Sound Wall

The sound wall that the owners of the Canal Electric Plant in Sandwich have proposed to build is circled in yellow in this rendering.

The historic district committee this week unanimously approved a request by the former owners of the Canal Electric Plant in Sandwich to build a concrete, sound-lessening wall on two sides of its newly added gas compressor building.

NRG, the former power plant owner, made the request of the historic district committee after already commencing the work. NRG is supervising the work on a new gas-fired turbine—a new addition to the existing plant—before turning over the reins to the plant’s new owner, Stonepeak Infrastructure Partners, next month.

“The footings were in and we were ready to go when we realized we had to come before you for approval,” said NRG attorney Thomas D. Ford.

The historic committee must approve all substantial physical changes to structures and properties within the Old Kings Highway Historic District. The committee has historically waived the preservation requirements for the power plant, since it is an industrial site, and did so again Tuesday night, August 13.

Shawn Konary, senior environmental director at NRG Energy, said that during ongoing testing of the new plant, the company found that the compressor was not meeting state noise guidelines.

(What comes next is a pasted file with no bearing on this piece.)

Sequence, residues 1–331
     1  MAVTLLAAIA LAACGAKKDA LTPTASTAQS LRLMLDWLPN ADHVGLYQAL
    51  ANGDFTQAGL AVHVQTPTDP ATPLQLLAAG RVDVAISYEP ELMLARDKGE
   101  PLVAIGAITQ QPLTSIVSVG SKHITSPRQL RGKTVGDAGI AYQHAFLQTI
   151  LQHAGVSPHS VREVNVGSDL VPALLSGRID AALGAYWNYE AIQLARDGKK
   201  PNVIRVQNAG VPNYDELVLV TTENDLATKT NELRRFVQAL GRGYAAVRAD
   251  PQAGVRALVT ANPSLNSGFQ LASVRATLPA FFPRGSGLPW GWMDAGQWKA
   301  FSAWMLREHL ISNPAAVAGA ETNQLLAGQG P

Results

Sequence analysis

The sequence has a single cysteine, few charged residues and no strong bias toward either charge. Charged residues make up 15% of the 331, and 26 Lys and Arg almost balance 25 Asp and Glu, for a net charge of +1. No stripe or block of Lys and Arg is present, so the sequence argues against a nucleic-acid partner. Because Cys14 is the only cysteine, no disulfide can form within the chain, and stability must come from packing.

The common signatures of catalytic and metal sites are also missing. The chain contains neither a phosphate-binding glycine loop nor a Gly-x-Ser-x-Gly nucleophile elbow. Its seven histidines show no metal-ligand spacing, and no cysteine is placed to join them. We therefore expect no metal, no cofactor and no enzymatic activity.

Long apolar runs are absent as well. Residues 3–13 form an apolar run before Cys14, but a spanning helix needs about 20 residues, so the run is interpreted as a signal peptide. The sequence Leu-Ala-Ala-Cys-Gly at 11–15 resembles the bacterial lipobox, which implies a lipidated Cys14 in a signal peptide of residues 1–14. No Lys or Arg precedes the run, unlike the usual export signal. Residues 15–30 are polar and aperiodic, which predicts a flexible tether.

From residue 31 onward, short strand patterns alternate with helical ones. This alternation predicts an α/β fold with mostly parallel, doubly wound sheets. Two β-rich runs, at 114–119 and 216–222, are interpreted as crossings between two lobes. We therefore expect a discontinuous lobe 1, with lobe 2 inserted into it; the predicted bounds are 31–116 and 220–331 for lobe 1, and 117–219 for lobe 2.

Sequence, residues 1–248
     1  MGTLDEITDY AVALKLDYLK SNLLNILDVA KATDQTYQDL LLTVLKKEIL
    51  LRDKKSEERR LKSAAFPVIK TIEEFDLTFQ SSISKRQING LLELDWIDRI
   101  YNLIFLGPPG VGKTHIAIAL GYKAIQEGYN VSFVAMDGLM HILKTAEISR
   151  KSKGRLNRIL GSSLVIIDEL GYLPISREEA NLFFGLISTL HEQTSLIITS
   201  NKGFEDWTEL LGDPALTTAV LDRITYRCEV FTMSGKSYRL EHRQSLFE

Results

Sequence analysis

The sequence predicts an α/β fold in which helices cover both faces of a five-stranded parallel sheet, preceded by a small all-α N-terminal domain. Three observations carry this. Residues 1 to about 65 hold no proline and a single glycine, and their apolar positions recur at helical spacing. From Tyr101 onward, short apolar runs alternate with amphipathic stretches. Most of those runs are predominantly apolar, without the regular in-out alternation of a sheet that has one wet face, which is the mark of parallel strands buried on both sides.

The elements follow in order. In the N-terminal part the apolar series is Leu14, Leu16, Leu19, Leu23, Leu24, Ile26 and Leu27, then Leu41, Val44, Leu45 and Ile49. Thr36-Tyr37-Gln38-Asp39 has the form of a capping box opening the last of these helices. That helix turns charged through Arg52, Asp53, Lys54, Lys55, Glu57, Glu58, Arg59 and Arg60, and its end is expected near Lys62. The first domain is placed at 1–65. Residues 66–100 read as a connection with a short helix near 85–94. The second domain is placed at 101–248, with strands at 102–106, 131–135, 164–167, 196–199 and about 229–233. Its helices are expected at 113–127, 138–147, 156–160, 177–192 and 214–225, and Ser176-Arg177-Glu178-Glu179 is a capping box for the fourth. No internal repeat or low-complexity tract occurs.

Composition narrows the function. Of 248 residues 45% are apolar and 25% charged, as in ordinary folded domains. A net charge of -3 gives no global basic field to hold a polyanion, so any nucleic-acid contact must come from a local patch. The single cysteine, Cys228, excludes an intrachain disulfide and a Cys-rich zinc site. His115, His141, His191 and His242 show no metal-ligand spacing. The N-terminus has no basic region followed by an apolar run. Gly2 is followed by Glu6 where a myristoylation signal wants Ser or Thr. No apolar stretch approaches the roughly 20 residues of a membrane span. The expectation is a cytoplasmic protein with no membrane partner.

“We are confident this [the sound wall] will solve the issue,” Mr. Konary said.

The wall, which will face the canal, will be painted the same shade of “marine green” as the rest of the buildings. It will be about 26 feet high at its highest point, Mr. Konary said, but will barely be visible to passersby because it will be obscured by landscaping.

The new gas-fired turbine went online in June, company officials have said, but some kinks—like the sound emissions—are still being worked out, and construction will not officially be completed until this fall.

Mr. Konary has said NRG crews are still on-site and expected to be there conducting testing and gathering data at least through October.

“We are working through vendors on a punch list of items to be completed,” Mr. Konary said in a recent telephone interview. “By the end of September we expect to be 95 percent completed.”

At that point, NRG will pack up its equipment and move on, Mr. Konary said.

NRG began building the 330-megawatt natural gas-fired turbine along the Cape Cod Canal in early 2018. The Canal 3 project was designed to transform the 52-acre plant into a highly efficient, fast-starting, peak electricity-generating facility, NRG has said.

NRG, which has overseen all of the construction, agreed to stay with the project until the new turbine is finished and operational, according to town and NRG officials.

Stonepeak has said it will keep the workers and all contracts with the town intact, according to people close to the negotiations.

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